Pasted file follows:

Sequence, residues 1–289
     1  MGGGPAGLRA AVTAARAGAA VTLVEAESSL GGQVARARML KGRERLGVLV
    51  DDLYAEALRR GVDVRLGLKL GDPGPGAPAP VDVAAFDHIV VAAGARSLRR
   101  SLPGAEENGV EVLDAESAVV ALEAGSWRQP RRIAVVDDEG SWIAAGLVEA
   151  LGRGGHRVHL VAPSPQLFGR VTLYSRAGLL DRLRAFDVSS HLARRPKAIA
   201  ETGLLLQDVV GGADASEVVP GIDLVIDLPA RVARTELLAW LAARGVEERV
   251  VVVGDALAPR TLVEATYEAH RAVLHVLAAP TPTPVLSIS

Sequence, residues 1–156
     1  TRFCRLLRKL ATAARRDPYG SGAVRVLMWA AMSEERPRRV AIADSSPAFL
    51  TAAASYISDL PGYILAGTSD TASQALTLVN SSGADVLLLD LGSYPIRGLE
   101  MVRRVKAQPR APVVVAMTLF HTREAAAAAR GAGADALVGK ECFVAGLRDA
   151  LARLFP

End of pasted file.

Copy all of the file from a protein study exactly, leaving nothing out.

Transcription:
Sequence, residues 1–289
     1  MGGGPAGLRA AVTAARAGAA VTLVEAESSL GGQVARARML KGRERLGVLV
    51  DDLYAEALRR GVDVRLGLKL GDPGPGAPAP VDVAAFDHIV VAAGARSLRR
   101  SLPGAEENGV EVLDAESAVV ALEAGSWRQP RRIAVVDDEG SWIAAGLVEA
   151  LGRGGHRVHL VAPSPQLFGR VTLYSRAGLL DRLRAFDVSS HLARRPKAIA
   201  ETGLLLQDVV GGADASEVVP GIDLVIDLPA RVARTELLAW LAARGVEERV
   251  VVVGDALAPR TLVEATYEAH RAVLHVLAAP TPTPVLSIS

Sequence, residues 1–156
     1  TRFCRLLRKL ATAARRDPYG SGAVRVLMWA AMSEERPRRV AIADSSPAFL
    51  TAAASYISDL PGYILAGTSD TASQALTLVN SSGADVLLLD LGSYPIRGLE
   101  MVRRVKAQPR APVVVAMTLF HTREAAAAAR GAGADALVGK ECFVAGLRDA
   151  LARLFP